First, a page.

15. The device of claim 14, wherein the needle tip is spaced apart from a distal end of the elongate wire when the protective sheath is in the distal position, and wherein the needle tip is in contact with the elongate wire when the protective sheath is in the proximal position to allow energy to be delivered from the elongate wire to the needle tip.
16. The device of claim 15, wherein the protective sheath is adapted to move from the distal position to the proximal position when the protective sheath is advanced into a tissue surface.
17. The device of claim 12, wherein the proximal abutment of the elongate shaft is configured to receive a force applied to the biasing element by movement of the protective sheath.
18. The device of claim 12, wherein the needle tip is formed on the distal end of the flexible elongate wire, and wherein the needle tip is positioned proximal to a distal-most end of the protective sheath when the protective sheath is in the distal position, and wherein the needle tip is exposed and extends from the protective sheath when the protective sheath is in the proximal position.
19. The device of claim 18, wherein the protective sheath is adapted to move from the distal position to the proximal position when the protective sheath is advanced into a tissue surface.
20. The device of claim 12, further comprising an expandable member disposed around a portion of the elongate shaft and adapted to expand radially relative to the elongate shaft.
21. The device of claim 20, wherein the expandable member comprises an expandable balloon.
22. The device of claim 12, wherein the needle tip is configured to form a puncture hole in tissue that has an extent that is substantially equal to a diameter of the protective sheath to allow the protective sheath to pass through the puncture hole.
Description
FIELD OF THE INVENTION

The present invention relates to methods and devices for penetrating tissue, and in particular to a needle knife having a safety feature.

BACKGROUND

Laparoscopic surgery is one type of minimally invasive surgery in which a surgeon uses numerous trocar ports to access and visualize the tissue site of interest within the abdominal cavity of a fully anesthetized patient. The benefits of laparoscopic surgery, as compared to open incisional, abdominal surgery, include less pain, shorter recovery time, less scarring, and lower cost. Another way to access the abdominal cavity, however, is via natural openings (mouth, anus, vagina, urethra) of the body and through the peritoneal lining of the abdominal cavity. Obviously, the size and shape of instruments that may be passed through a body lumen in order to perform a medical procedure in the abdominal cavity are greatly restricted due to the anatomical properties of the lumen.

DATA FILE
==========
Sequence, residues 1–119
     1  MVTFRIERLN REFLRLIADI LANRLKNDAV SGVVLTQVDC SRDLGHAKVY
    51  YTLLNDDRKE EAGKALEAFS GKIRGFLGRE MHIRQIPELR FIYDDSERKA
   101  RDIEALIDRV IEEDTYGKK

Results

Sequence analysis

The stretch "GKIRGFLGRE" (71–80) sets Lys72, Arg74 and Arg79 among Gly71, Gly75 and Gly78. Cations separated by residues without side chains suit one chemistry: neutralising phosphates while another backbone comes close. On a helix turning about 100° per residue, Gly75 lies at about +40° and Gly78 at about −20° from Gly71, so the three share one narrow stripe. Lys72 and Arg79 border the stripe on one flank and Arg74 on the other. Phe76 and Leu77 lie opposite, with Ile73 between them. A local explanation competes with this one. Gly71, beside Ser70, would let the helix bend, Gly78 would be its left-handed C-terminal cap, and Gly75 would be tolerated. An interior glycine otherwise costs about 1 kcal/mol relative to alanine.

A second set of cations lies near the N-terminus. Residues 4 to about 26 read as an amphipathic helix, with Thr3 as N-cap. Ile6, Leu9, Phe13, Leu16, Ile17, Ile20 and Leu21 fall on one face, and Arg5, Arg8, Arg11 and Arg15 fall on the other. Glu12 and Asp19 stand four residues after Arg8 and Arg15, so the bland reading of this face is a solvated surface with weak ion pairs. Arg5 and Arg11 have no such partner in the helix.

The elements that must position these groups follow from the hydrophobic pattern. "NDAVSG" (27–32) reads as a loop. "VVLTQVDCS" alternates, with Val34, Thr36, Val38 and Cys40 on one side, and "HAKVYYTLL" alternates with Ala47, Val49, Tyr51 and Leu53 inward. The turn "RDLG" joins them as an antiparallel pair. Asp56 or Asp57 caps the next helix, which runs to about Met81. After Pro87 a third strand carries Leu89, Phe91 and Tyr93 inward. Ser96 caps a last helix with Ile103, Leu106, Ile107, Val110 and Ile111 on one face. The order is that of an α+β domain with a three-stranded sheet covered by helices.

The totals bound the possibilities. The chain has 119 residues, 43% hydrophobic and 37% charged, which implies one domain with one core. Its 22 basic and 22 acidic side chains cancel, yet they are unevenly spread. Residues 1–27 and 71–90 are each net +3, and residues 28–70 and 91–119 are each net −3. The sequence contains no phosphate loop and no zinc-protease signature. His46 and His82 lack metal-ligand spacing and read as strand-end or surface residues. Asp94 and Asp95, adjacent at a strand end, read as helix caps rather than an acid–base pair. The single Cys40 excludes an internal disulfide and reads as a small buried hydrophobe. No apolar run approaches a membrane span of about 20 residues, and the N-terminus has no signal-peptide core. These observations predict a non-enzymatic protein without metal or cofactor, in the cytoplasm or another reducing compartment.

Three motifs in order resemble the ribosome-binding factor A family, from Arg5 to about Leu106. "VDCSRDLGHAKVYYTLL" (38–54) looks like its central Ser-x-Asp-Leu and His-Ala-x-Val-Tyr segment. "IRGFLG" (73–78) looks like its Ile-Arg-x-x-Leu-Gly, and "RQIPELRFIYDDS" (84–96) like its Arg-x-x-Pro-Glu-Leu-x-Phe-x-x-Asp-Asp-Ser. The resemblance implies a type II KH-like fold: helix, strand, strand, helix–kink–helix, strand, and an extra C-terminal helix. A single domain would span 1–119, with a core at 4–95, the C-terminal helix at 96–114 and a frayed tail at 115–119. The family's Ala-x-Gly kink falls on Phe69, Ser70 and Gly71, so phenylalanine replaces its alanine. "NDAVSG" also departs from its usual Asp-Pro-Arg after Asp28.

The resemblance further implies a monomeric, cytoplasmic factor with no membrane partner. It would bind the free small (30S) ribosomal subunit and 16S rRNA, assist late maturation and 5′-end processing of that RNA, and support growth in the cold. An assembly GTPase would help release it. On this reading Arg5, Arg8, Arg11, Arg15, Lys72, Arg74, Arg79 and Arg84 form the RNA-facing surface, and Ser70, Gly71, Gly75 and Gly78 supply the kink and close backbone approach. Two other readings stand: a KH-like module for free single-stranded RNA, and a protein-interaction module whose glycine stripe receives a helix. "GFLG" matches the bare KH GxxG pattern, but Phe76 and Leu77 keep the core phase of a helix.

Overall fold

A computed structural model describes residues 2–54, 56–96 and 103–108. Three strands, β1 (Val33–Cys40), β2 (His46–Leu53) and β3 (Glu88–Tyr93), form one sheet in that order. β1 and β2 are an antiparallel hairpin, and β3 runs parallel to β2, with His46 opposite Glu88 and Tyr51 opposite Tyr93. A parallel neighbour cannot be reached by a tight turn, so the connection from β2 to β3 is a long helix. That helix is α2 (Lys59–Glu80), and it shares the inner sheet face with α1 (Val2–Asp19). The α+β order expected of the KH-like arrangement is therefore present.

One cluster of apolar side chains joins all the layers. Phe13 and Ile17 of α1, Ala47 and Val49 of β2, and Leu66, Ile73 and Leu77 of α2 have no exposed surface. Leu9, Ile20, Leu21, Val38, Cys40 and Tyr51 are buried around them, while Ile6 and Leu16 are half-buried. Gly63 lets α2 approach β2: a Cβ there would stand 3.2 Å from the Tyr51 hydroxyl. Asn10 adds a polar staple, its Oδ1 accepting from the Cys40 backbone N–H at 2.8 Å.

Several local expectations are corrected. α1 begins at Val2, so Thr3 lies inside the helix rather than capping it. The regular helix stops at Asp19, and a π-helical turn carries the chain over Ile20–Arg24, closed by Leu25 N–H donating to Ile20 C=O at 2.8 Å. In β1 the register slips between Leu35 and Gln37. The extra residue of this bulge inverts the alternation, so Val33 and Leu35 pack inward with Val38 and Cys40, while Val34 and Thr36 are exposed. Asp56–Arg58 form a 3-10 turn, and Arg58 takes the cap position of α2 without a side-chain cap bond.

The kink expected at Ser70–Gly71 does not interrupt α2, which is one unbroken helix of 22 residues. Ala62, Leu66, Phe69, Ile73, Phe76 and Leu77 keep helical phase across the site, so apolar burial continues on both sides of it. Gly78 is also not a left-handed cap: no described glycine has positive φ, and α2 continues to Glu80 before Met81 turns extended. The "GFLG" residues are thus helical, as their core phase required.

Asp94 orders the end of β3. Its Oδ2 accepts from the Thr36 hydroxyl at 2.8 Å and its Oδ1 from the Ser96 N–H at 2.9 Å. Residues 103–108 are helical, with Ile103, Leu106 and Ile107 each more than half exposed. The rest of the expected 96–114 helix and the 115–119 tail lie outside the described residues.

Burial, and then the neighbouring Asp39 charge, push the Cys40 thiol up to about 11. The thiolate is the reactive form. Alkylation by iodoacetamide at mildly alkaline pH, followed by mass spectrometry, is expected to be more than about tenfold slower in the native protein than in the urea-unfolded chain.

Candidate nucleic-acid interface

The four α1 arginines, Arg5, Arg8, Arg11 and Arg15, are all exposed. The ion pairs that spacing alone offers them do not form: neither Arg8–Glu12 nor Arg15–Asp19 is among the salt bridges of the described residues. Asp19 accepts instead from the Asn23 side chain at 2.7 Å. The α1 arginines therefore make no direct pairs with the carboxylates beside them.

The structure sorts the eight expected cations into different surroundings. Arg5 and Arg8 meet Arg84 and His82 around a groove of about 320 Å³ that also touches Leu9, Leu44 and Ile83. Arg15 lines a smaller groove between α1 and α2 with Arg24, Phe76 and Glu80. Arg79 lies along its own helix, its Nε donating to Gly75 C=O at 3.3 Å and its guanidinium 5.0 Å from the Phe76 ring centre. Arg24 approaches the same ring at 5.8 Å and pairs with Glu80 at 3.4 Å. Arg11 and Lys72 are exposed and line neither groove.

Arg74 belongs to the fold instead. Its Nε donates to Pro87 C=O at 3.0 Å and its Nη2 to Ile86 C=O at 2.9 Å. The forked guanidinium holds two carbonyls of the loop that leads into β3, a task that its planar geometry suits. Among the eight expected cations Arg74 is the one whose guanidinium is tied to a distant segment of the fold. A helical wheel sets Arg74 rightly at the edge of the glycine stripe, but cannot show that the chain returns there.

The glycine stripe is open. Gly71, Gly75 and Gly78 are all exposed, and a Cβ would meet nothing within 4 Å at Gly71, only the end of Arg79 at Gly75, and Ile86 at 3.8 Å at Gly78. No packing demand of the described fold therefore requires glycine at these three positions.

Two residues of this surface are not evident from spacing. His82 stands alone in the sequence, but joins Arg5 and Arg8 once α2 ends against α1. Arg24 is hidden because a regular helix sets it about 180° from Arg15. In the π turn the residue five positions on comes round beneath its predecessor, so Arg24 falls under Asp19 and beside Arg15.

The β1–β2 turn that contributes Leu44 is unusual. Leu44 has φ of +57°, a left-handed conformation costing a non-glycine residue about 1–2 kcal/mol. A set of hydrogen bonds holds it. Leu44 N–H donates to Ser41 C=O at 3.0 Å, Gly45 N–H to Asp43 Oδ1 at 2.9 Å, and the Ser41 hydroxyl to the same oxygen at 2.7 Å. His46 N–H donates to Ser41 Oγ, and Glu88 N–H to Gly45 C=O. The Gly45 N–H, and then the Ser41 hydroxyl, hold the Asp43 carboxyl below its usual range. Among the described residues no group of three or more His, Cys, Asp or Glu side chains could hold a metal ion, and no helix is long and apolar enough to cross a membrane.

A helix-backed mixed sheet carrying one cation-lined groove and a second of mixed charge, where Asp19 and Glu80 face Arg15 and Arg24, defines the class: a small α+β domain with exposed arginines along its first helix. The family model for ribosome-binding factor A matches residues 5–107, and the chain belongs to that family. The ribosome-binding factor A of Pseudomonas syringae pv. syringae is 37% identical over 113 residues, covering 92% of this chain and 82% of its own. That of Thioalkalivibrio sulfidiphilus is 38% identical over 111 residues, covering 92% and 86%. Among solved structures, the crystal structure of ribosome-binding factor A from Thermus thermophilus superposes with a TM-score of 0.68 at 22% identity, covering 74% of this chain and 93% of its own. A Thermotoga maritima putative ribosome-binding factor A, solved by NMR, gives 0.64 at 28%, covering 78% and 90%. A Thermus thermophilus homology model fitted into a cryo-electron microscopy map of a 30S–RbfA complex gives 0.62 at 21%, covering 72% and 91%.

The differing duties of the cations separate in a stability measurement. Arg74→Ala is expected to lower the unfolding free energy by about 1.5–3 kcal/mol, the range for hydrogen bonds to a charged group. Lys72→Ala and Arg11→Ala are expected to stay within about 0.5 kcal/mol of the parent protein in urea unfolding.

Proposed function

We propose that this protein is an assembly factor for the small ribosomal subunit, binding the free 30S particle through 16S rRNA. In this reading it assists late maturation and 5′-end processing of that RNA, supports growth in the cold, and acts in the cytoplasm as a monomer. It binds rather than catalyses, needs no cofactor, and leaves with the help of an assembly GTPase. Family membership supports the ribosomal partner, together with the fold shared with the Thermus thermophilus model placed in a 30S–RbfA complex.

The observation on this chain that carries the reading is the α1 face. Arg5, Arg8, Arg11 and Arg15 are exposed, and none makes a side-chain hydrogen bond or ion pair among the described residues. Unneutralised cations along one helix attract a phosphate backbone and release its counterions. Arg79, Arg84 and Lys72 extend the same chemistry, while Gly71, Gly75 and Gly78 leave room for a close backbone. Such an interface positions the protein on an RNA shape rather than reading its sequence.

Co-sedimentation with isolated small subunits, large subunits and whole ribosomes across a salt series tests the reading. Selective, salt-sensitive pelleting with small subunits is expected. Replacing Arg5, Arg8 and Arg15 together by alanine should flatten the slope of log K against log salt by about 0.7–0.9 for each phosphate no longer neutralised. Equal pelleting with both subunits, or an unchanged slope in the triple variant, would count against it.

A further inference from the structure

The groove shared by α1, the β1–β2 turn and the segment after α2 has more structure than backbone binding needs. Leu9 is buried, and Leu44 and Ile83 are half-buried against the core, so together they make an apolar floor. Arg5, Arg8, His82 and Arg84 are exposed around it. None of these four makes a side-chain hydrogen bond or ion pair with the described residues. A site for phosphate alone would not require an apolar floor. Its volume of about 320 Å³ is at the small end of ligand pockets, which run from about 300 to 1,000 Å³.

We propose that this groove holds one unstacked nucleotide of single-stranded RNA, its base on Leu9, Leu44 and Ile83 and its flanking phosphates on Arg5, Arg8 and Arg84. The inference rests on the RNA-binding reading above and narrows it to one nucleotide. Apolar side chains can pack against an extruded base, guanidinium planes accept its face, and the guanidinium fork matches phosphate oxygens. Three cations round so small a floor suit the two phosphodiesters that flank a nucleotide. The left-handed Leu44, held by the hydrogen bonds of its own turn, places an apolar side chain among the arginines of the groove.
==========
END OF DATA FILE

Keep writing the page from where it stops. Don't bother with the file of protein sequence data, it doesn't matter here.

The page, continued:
General surgeons, gastroenterologists, and other medical specialists routinely use flexible endoscopes for intraluminal (within the lumen of the alimentary canal) examination and treatment of the upper gastrointestinal (GI) tract, via the mouth, and the lower GI tract, via the anus. In these procedures, the physician pushes the flexible endoscope into the lumen, periodically pausing to articulate the distal end of the endoscope using external control knobs, to redirect the distal tip of the endoscope. In this way, the physician may navigate the crooked passageway of the upper GI past the pharynx, through the esophagus and gastro esophageal junction, and into the stomach. The physician must take great care not to injure the delicate mucosal lining of the lumen, which generally may stretch open to a diameter in the range of about 15-25 mm, but normally has a non-circular cross sectional configuration when relaxed.

During such translumenal procedures, a puncture must be formed in the stomach wall or in the gastrointestinal tract to access the peritoneal cavity. One device often used to form such a puncture is a needle knife which is inserted through the working channel of the endoscope, and which utilizes energy to penetrate through the tissue. A guidewire is then feed through the endoscope and is passed through the puncture in the stomach wall and into the peritoneal cavity. The needle knife is removed, leaving the guidewire as a placeholder. A balloon catheter is then passed over the guidewire and through the working channel of the endoscope to position the balloon within the opening in the stomach wall. The balloon can then be inflated to increase the size of the opening, thereby enabling the endoscope to push against the rear of the balloon and to be feed through the opening and into the peritoneal cavity. Once the endoscope is positioned within the peritoneal cavity, numerous procedures can be performed through the working channel of the endoscope.

While the current methods and devices used to penetrate tissue are effective, one drawback is the risk of damaging adjacent organs and tissue. Due to the low amount of energy and force of penetration needed to pass through tissue, there is the risk of penetrating adjacent tissue that is intended to be left unharmed during the procedure. Accordingly, there remains a need for improved tissue penetrating devices that include a safety feature to protect adjacent tissue. There also remains a need for a simplified procedure that requires less steps to form a puncture in tissue.

SUMMARY